functions, activities, and influences on behavior.
To be able to conceptualize the role of genes, and their limitations, in influencing
To be able to think critically about cultural and societal influences, which contribute
to differential rates of psychopathology among various ethnic groups in the United States
and around the world.


Identify and describe emotional, social, environmental, cultural, and biological
influences on human behavior.
6. Understand the interplay of emotion, social and cultural conditions, environment, and
biological (genetic and nongenetic) factors in determining the manifestation of normal
and abnormal behaviors.



Classification and Assessment
of Abnormal Behavior

Chapter Overview:

Classification of Abnormal Behavior

Diagnostic classification may be traced as far back as Hippocrates, but was ushered into the
modern era by Kraepelin in the late nineteenth century. His classification system influenced the
development of the Diagnostic and Statistical Manual of Mental Disorders (DSM), which is
the most widely accepted diagnostic system, now in its fourth edition.

The DSM uses specific diagnostic criteria to group patterns of abnormal behaviors that share
common clinical features and a multiaxial system of evaluation. Strengths of the DSM include its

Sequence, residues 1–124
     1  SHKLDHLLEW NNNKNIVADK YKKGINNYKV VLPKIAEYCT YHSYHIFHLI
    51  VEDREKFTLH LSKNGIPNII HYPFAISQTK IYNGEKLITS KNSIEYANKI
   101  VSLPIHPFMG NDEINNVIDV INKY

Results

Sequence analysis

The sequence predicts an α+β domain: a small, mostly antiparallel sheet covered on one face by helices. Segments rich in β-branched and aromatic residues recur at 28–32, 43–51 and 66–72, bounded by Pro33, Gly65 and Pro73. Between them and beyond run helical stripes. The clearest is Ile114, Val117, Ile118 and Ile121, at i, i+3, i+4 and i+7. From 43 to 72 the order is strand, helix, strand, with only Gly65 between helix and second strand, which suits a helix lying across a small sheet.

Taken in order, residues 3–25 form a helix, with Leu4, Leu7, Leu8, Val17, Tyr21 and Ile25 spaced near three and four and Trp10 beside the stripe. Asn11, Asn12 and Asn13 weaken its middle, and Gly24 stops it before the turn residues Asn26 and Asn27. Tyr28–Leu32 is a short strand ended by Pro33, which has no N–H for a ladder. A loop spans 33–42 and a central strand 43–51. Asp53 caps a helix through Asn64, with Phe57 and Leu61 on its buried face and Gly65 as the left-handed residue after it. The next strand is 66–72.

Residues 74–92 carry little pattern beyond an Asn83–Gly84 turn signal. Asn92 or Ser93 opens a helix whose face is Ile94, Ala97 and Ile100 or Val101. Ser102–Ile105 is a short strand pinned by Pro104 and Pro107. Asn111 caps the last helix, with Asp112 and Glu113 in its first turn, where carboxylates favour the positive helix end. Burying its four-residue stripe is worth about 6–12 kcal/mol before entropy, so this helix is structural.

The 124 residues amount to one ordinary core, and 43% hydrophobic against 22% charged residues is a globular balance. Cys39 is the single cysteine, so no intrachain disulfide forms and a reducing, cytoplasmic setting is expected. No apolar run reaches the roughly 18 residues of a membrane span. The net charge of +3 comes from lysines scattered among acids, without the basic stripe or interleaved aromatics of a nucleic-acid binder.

use of specified diagnostic criteria and a multiaxial system to provide a comprehensive picture of
the person's functioning. Weaknesses include questions about reliability and validity, and about
the medical model framework.

Issues of Reliability and Validity in Assessment

Methods of assessment must be reliable and valid. Reliability of assessment techniques is shown
in various ways, including internal consistency, temporal stability, and interrater reliability.
Validity is measured by means of content validity, criterion validity, and construct validity.

Methods of Assessment

The clinical interview is the most widely used method of assessment. It involves the use of a set
of questions designed to elicit relevant information from people seeking treatment. Clinicians
generally use a structured interview, which consists of a fairly standard series of questions to
gather a wide range of information concerning presenting problems or complaints, present